We keep a mental list of the walks we’ve particularly enjoyed. Walks we’ve treasured for the views, the flowers, the butterflies, the skyscapes, the lunchspot – all sorts of reasons. The only problem is that the walk at the top of the list tends to be the one we did last. There’s no such thing as a duff hike round here.
But last Sunday’s walk is assured a place of honour on this list. It’s one we’ll want to share with you if you come to stay, and we’re keen to do it again ourselves, at every season of the year.
If you drive from here to Mirepoix, you’ll pass through a village called la Bastide de Bousignac. Just after that there’s a road off to the left, signposted to Saint Julien de Gras Capou. Take it. It’ll wind upwards between grassy pastures, home to sheep and cattle and not much else, and finally deposit you in the main street of the village – current population 62. Park near the church, lace up your walking boots, grab your rucksack with its all-important picnic, find the first yellow waymark – and set off.
The village is so-called because back in the 12th and 13th centuries, it had acquired a reputation as being the place where fine fat capons were raised to feed fine people: that’s the ‘gras capou’ bit. I don’t know where St. Julien comes into it. There are hens here still, and in so many ways, the village is perhaps little changed. It’s a peaceful, rather isolated place, despite being so near to Mirepoix and one of the main roads in the Ariège.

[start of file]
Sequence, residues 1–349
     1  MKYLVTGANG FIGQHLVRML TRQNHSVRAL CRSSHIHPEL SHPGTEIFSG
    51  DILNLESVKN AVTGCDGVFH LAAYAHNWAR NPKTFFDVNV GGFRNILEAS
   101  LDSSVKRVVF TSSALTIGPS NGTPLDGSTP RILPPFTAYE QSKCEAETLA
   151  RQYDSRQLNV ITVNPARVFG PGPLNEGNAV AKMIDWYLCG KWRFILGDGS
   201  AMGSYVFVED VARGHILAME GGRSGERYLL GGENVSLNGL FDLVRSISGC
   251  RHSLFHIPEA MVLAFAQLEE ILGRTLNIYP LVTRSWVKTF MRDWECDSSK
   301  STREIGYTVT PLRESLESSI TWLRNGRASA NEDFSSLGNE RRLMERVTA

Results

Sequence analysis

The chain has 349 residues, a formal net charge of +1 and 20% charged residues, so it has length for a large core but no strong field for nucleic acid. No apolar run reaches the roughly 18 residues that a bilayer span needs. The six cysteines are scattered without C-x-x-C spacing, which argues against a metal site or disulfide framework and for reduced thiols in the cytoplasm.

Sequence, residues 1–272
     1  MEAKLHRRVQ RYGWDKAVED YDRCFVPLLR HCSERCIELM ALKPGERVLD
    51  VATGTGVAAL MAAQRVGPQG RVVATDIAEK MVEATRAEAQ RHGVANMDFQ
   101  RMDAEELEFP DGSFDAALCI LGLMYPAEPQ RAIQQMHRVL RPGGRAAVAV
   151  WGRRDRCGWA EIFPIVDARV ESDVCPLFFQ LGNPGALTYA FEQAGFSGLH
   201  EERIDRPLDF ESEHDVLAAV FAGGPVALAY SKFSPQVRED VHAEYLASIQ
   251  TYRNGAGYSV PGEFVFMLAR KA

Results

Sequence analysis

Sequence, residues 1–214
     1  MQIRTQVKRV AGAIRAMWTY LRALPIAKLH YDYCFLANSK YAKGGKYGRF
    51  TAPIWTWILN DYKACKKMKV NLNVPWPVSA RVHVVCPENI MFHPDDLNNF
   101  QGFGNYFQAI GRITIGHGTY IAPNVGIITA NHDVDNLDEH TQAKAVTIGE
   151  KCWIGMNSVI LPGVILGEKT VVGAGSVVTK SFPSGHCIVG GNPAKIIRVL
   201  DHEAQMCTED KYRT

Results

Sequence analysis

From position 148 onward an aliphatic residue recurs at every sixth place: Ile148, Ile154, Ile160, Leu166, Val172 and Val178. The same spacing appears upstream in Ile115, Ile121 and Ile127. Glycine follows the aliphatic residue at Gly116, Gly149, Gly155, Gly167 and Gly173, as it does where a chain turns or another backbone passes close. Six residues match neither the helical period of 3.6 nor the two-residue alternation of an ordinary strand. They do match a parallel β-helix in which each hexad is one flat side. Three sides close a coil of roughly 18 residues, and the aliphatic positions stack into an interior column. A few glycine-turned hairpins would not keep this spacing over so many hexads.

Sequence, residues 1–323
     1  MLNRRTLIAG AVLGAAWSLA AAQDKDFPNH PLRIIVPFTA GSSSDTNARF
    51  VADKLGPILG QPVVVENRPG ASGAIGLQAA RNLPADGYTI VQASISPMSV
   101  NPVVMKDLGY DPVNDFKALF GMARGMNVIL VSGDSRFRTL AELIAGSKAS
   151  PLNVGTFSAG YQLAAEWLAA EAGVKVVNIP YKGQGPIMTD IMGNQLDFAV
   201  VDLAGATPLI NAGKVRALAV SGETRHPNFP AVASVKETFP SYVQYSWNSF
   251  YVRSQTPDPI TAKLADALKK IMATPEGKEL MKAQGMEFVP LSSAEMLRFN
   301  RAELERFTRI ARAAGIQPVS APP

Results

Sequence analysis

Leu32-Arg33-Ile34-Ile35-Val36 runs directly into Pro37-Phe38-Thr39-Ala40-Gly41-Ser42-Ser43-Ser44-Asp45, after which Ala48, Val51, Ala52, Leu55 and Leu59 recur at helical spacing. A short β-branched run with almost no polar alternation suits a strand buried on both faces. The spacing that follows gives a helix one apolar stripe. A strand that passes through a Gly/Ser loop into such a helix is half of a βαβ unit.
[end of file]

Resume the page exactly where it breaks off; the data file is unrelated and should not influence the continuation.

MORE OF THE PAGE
Our walk took us along farm and forest tracks, through fields and woodland still splashed with colour from flowers and late butterflies. It was an easy route, rising only gently, passing the tiny hamlet of Montcabirol towards the village of Besset. Shortly after that though, we found we did have a short sharp climb, through the woods, to reach the Pic d’Estelle.
Wow. It was worth it. From here, we had a 360 degree panorama. The chain of the Pyrenees marched across our horizon, its peaks already dusted with snow, or even quite thickly covered in the case of the higher summits. As we turned in other directions, we could see Mirepoix, immediately recognisable from its distinctive cathedral spire, and the Montagne Noir beyond. There are foothills nearby too, across which pilgrims on the Chemin de Saint Jacques de Compostelle still travel: and other sights too – the ruined Château de Lagarde, and its near neighbour the Château de Sibra. We stayed a long time, simply relishing these views, the sky, the silence and peace at what seemed to us, at that moment, the top of the world.
When we finally shrugged on our rucksacks once more, we only had three or four more kilometres to go, along more unpeopled pathways. After negotiating the only obstacle of the afternoon, a group of cows supervised by a bull – we let them get well ahead of us – we were soon back at base. It was good, very good. I just wish my camera could do justice to those peaks. But we’ll be back, in winter, when they’re truly thick with snow